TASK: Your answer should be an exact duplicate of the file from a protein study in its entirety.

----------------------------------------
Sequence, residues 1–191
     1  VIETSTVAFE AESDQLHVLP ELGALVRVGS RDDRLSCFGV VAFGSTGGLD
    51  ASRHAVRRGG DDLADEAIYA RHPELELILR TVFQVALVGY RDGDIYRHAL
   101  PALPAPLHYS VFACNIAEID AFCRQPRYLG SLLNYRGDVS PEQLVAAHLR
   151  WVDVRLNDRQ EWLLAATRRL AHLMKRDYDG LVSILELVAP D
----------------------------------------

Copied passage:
Sequence, residues 1–191
     1  VIETSTVAFE AESDQLHVLP ELGALVRVGS RDDRLSCFGV VAFGSTGGLD
    51  ASRHAVRRGG DDLADEAIYA RHPELELILR TVFQVALVGY RDGDIYRHAL
   101  PALPAPLHYS VFACNIAEID AFCRQPRYLG SLLNYRGDVS PEQLVAAHLR
   151  WVDVRLNDRQ EWLLAATRRL AHLMKRDYDG LVSILELVAP D